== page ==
Unfortunately, pharmaceutical trials to date have yielded no effective treatments for Alzheimer’s disease, the sixth leading cause of death in the U.S.  Most clinical studies have centered on developing medications to block or destroy the amyloid protein plaque formation, and a few have targeted the tau-containing neurofibrillary tangles. The five Alzheimer’s drugs currently available may provide temporary relief of symptoms, such as memory loss and confusion. But, they do not prevent or delay the mind-robbing disease as toxic proteins continue to build up and dismantle the brain’s communication network.

Lesson learned: The critical importance of intervening earlier

Some scientists argue that the “amyloid hypothesis” approach is not working. Dr. Kang is among those who maintain that amyloid plays a key role in initiating the disease process that leads to brain atrophy in Alzheimer’s – but that amyloid accumulation happens very early, as much as 10 to 20 years before people experience memory problems or other signs of dementia.

Early detection and treatment are key, Dr. Kang says, because as protein plaques and other lesions continue to accumulate in the brain, reversing the damage may not be possible.

“One reason we’ve been disappointed in the clinical trials is because so far they have primarily targeted patients who are already symptomatic,” Dr. Kang said. “Over the last decade we’ve learned that by the time someone is diagnosed with early Alzheimer’s disease, or even mild cognitive impairment, the brain has degenerated a lot. And once those nerve cells are gone they do not, for the most part, regenerate… The amyloid cascade has run its course.”

As protein plaques and other lesions continue to accumulate, becoming apparent with MRI imaging, reversing the damage may not be possible.  So, for anti-amyloid therapies – or even those targeting downstream tau – to work, patients at risk of Alzheimer’s need to be identified and treated very early, Dr. Kang said.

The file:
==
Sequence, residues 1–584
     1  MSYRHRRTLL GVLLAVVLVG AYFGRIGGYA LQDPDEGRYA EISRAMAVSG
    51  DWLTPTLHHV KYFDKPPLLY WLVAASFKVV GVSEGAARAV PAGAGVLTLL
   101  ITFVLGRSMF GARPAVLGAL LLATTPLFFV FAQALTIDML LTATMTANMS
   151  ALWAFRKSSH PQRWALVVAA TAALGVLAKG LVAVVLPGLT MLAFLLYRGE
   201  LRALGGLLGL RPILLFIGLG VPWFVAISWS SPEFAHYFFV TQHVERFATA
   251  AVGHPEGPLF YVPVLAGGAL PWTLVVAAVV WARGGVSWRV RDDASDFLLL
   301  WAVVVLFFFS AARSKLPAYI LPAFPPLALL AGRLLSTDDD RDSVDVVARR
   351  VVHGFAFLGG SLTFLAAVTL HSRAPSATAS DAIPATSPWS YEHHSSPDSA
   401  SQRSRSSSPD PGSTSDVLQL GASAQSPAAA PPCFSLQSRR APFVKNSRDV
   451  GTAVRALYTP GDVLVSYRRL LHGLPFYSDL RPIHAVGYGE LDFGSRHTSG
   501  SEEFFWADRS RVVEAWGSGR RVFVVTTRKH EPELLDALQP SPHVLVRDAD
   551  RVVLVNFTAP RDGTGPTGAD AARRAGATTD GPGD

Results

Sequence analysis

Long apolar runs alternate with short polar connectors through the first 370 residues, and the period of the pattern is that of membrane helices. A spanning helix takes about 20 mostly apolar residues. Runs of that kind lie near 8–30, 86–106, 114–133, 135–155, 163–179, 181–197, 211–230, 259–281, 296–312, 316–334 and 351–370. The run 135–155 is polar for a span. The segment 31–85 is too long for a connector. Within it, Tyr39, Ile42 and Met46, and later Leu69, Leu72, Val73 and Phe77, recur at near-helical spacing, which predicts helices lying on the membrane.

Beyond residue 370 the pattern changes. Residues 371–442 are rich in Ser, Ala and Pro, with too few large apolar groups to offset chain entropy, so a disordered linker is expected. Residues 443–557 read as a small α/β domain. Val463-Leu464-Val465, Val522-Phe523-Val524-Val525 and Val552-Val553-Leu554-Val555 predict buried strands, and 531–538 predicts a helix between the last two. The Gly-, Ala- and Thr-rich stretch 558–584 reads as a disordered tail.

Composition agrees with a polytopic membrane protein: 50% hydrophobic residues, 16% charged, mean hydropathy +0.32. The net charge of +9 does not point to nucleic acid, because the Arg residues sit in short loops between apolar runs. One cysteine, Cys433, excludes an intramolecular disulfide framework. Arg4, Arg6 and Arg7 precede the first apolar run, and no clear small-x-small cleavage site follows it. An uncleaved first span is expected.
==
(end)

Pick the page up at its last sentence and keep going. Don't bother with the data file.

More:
USF Health is recruiting healthy older adults with no signs of memory problems for a few prevention trials. A pair of Generation Program studies will test the effectiveness of investigational anti-Alzheimer’s drugs on those at high genetic risk for the disease before symptoms start. And, the NIH-sponsored Preventing Alzheimer’s with Cognitive Training (PACT) study is examining whether a specific type of computerized brain training can reduce the risk of mild cognitive impairment and dementias like Alzheimer’s disease in those age 65 and older.

To accelerate early intervention initiatives, more definitive tests are needed to pinpoint biomarkers that will predict Alzheimer’s disease development in genetically susceptible people. Dr. Kang is hopeful about the prospects.  His own team investigates how exosomes, in particular the lipid vesicles that shuttle proteins and other molecules from the brain into the circulating bloodstream, might be isolated and used to detect people at risk of proteinopathy.

“I think within the next five years, some type of diagnostic blood test will be available that can accurately identify people with early Alzheimer’s brain pathology, but not yet experiencing symptoms,” he said.

Graduate research assistant Yan Yan, a member of Dr. Kang’s research team, works at a cell culture hood.

Searching for alternative treatment targets